To: ASEAN Leaders
H.E. Sultan Haji Hassanal Bolkiah Mu’izzaddin Waddaulah, Prime Minister of Brunei Darussalam
H.E. Hun Sen, Prime Minister of the Kingdom of Cambodia
H.E. Joko Widodo, President of the Republic of Indonesia
H.E. Thongloun Sisoulith, Prime Minister of the Lao People’s Democratic Republic
H.E. Dato’ Sri Ismail Sabri bin Yaakob, Prime Minister of Malaysia
H.E. Ferdinand Romualdez Marcos, Jr., President of the Republic of the Philippines
H.E. Lee Hsien Loong, Prime Minister of the Republic of Singapore
H.E. Prayut Chan-o-cha, Prime Minister of the Kingdom of Thailand
H.E. Phạm Minh Chính, Prime Minister of the Socialist Republic of Vietnam
25 October 2022
Subject: Open letter from civil society organizations concerning ASEAN’s approach to the ongoing political, human rights and humanitarian crisis in Myanmar
We, the 457 undersigned Myanmar, regional and international civil society organizations, call on the Association of Southeast Asian Nations (‘ASEAN’) to cease inviting all political and non-political representatives of the Myanmar military junta to all summits and meetings, and revise the mandate of the Special Envoy to Myanmar. We further call on ASEAN under the Indonesian Chairship, as a regional bloc and as individual states, to move beyond the failed Five-Point Consensus (‘5PC’), enable effective humanitarian assistance, and publicly recognize the National Unity Government.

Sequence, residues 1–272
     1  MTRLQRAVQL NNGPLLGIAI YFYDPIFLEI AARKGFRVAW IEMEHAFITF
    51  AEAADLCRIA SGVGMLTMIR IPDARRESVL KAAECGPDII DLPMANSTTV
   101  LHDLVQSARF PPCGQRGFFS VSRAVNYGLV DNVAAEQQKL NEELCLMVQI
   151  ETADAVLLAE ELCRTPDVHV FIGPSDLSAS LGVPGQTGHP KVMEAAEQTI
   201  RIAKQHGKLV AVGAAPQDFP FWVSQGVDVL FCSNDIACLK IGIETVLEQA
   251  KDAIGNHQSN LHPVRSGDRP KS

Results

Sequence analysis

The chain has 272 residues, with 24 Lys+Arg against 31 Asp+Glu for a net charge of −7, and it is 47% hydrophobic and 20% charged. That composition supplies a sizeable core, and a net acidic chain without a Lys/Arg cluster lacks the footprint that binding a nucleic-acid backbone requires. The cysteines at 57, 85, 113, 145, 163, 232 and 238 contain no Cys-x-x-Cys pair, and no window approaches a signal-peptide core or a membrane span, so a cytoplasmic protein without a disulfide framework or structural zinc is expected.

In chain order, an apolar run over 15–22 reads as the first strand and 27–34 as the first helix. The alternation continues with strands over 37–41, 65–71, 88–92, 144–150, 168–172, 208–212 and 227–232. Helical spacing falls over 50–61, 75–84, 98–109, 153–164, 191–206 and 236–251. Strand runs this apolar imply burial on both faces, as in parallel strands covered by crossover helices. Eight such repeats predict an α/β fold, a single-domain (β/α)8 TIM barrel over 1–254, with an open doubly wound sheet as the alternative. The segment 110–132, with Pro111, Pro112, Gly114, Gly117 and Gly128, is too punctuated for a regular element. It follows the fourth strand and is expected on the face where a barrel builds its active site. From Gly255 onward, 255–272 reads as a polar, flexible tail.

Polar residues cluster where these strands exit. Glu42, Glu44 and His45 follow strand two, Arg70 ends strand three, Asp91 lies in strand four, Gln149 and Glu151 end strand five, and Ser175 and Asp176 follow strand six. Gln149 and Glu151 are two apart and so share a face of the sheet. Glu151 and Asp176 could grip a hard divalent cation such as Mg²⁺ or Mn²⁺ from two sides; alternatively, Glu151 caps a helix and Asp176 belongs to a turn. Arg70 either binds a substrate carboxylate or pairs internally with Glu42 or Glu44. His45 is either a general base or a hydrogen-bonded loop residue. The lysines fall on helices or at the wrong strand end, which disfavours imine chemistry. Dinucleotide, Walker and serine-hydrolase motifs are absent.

For the past 20 months since the failed coup, ASEAN has been largely ineffective in responding to the escalating crisis in Myanmar. ASEAN’s “dialogue” demonstrates a selective approach to the 5PC and yields no results to stop the ongoing crisis in Myanmar. Despite being put on notice for non-compliance with the 5PC in a joint communique in August 2022, the junta has continued committing atrocity crimes against the Myanmar people. Just one month after the warning, the junta’s airstrikes on a school in Sagaing Region killed 11 children.